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Maine is poised to fund tuition for students at some religious schools for the first time since a Supreme Court ruling in June ordered the state to treat those schools the same as other private schools.

Portland’s Jesuit college preparatory school, Chevaras High School, was the only religious school to apply to participate in the state’s tuition reimbursement plan and its application was approved by the state, a state official said Thursday.

Carol Conley, executive director of the Christian Civic League of Maine, said she was encouraged by the first tuition reimbursement for a religious school in Maine since the 1980s.


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“We are hopeful and encouraged that (others) may be able to find a way to participate,” he said.

Cheverus, which is a Roman Catholic school but not controlled by the Diocese of Portland, was not immediately available for comment.

Before the SCOTUS ruling in June, Maine had several lawsuits over religious school tuition reimbursement.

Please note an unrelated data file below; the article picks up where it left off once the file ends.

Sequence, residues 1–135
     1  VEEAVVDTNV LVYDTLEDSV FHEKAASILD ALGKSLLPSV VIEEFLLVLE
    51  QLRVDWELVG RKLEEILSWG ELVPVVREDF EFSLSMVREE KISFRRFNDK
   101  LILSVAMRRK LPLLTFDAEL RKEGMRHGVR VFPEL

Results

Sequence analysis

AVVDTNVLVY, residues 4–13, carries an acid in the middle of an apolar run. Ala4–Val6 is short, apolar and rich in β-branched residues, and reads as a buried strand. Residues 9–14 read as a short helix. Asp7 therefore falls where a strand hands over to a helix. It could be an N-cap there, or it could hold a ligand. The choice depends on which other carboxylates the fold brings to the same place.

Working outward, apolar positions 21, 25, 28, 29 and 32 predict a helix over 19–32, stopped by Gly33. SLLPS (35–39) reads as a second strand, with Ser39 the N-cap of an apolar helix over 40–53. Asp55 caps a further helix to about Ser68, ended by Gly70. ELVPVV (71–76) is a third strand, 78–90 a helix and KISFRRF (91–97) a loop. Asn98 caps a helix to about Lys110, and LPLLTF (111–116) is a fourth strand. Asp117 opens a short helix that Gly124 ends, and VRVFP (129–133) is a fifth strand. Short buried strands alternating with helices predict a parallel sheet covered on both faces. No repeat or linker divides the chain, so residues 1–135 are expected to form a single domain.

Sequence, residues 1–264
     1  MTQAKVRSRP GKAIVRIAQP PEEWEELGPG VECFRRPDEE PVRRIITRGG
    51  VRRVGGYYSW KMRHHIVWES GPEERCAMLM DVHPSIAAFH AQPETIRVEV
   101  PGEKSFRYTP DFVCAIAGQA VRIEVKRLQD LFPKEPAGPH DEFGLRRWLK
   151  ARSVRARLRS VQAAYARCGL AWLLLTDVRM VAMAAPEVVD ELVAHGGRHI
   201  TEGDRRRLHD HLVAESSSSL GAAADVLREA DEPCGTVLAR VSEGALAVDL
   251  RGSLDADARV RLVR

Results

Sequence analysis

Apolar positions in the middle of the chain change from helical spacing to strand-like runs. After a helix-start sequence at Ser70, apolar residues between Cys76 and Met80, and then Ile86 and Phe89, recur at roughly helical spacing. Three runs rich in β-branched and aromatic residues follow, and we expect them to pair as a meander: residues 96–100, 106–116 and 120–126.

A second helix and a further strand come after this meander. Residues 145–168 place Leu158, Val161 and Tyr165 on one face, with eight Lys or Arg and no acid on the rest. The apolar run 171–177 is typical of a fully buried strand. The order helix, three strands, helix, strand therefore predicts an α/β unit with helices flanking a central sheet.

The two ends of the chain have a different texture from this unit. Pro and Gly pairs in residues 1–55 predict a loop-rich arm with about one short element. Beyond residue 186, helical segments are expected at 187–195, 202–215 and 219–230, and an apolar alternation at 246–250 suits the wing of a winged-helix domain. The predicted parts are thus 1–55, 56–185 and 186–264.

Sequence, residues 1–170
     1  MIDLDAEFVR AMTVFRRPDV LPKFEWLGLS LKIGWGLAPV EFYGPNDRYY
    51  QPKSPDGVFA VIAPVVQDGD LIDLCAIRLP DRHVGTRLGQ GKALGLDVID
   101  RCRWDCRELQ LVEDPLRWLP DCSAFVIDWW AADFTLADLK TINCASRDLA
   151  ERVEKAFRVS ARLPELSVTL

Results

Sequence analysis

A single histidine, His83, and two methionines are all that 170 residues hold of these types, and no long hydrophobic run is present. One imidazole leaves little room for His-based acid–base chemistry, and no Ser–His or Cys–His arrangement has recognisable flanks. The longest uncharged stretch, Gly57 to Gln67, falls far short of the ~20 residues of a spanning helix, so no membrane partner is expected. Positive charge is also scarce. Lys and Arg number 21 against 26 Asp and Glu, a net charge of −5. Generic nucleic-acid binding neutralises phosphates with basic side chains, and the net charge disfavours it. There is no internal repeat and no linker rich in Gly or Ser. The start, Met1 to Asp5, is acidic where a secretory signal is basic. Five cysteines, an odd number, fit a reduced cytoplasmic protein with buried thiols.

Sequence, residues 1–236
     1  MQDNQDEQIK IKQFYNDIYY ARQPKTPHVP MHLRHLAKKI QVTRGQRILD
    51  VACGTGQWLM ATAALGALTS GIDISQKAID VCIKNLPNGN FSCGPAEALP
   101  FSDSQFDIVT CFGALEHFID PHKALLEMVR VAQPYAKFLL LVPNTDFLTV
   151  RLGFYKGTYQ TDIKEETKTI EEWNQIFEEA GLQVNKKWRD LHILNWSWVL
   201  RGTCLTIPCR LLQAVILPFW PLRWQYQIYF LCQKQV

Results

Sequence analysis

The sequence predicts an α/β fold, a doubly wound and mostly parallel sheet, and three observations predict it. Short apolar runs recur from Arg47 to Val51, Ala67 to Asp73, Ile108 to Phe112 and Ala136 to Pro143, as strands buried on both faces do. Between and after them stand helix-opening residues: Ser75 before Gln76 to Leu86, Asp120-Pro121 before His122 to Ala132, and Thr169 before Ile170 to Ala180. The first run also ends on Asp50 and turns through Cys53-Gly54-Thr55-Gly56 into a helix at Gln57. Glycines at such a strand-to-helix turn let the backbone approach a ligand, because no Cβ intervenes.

There have been several cases over the years since the state ended religious school tuition reimbursement before the Supreme Court ruled that Maine could not exclude religious schools from a program that offered tuition for private education in towns with no public high schools.

The Supreme Court’s 6-3 decision was the latest in a line of court rulings favoring religion-based discrimination claims. That could spur a new push for school choice programs in several states that have not yet directed taxpayer money toward private, religious education.

Despite the victory, religious schools are taking a cautious approach after Maine Attorney General Aaron Frey said that all schools that receive government funding must comply with the Maine Human Rights Act.

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The law prohibits discrimination on the basis of race, sex, sexual orientation, ethnicity or disability. This includes accepting gay and transgender teachers and students, which may conflict with the beliefs of some religious schools.

In the Maine case that led to the high court ruling, parents sued in federal court so they could use state aid to send their children to Christian schools in Bangor and Waterville. The two schools in question — Waterville Temple Academy and Bangor Christian School — have policies that discriminate on the basis of sexual orientation or gender identity, Frey said.

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